Online Casino Revenues Grow, But Operators and Affiliates Are Warned Not to Use COVID-19 for Marketing
For every gambling firm losing out on revenue as sporting events, betting shops, and casinos around the globe are locked off due to the COVID-19 Coronavirus pandemic, there are others who are seeing increased demand for their online services.
As Europe and the USA are now becoming the global hotspots of the infection, with Italy, Spain, and New York among the hardest-hit areas, many millions (if not billions) of people are slowly adjusting to life in social isolation.
With over 300,000 people now infected with the pneumonia-causing disease worldwide and new case numbers growing every day, there’s not much chance of the situation changing any time soon.
And, although we’re almost certainly looking at an economic downturn in the near future, in the short term, many locked down people around the globe are turning to online casinos as a source of entertainment.
More Time at Home—But Keep It Safe
For example, UK-based 888 Holdings reported a 24% rise in share prices on Tuesday the 24th, bucking the market trend. Investor confidence may have been bolstered by the previous day’s press release, which stated that the company is confident a short-term rise in online casino revenue may offset some sports betting losses.
888 is also less reliant on sports betting than many of its competitors, which may also help. As an example, Flutter Entertainment (formerly Paddy Power Betfair) makes 75% of its revenue from sports betting, while at 888, sports wagering is only 16%.
In India, where Prime Minister Narendra Modi just announced a 21-day lockdown for the entire country, poker sites and online casinos are also seeing increased demand. Some sites are reportedly 10-20% busier during even off-peak hours, as government measures around the world ramp up in an attempt to keep people at home and stop them from spreading the virus.
However, 888 Holdings warned companies not to be overly optimistic about the global outlook. “888’s vigilance on safe gambling and preventing gambling-related harm is even more important than ever,” they said in a company statement.
UK politicians have already expressed fears that problem gamblers, especially those with mental health issues like anxiety and depression, may be at increased risk during this time of global crisis.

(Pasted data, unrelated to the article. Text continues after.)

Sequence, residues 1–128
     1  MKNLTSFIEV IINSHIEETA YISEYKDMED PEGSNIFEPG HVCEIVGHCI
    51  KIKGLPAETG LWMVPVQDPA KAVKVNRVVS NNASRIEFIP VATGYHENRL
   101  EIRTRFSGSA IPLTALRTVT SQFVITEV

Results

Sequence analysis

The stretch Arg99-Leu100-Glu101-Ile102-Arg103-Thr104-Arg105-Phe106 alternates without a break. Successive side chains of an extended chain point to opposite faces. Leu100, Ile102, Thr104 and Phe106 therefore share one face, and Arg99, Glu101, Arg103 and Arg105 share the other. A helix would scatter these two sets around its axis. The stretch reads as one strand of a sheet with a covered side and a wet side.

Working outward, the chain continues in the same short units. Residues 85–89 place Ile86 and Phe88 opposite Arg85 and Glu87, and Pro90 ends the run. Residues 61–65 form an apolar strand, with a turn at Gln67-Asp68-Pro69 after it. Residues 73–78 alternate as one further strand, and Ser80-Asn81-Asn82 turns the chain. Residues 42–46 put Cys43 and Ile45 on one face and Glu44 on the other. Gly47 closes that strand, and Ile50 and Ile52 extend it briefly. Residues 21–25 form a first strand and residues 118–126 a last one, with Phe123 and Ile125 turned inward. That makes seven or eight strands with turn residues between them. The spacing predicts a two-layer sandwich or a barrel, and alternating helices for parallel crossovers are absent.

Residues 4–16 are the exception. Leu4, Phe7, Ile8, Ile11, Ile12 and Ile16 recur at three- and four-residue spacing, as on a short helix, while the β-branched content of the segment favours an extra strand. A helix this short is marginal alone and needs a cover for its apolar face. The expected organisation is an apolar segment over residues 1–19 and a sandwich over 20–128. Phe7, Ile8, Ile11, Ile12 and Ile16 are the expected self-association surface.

“The group continues to offer its customers support and is proactively communicating with its customers to make them aware of safe gambling tools to limit and control their play,” 888 continued in a statement.
Although, as we reported last week, many US casinos are doing their bit to help tackle the virus pandemic with millions of dollars in donations flowing into relief efforts from the shuttered giants in Las Vegas and elsewhere, not all marketing departments are taking things as seriously.
In Europe, both Flutter Entertainment and Kindred Group (Unibet owners) have had to send warning emails to affiliates after they were caught using the fact that online casinos are safer (and more certain to be open) than physical casinos at the current time as a marketing tactic.
Both giant operators reportedly threatened to immediately cut off any affiliates who include any mention of the coronavirus, quarantines, or any other surrounding issue in their promotions.
Regulators in Holland and the UK also took a dim view of the potential for coronavirus-related sales pitches and promised to fine companies £50,000 ($58,000) if they were caught doing so.
In other troubling news for European operators, new UK chancellor Rishi Sunak revealed that gambling firms would not be eligible for the planned business rates relief for companies that have been forced to close physical stores.
This may send some shares plummeting again, after many (such as William Hill and GVC Holdings) mostly stabilized towards the end of last week after precipitous falls over the previous days.
Many UK gambling firms will feel that they are as deserving of the relief as other UK businesses, with all physical gambling shops and casinos across the UK now completely shut.
“This is a blow to an industry that pays billions in tax and employs 70,000 hardworking, decent people in this country,” said Betting and Gaming Council executive Michael Dugher.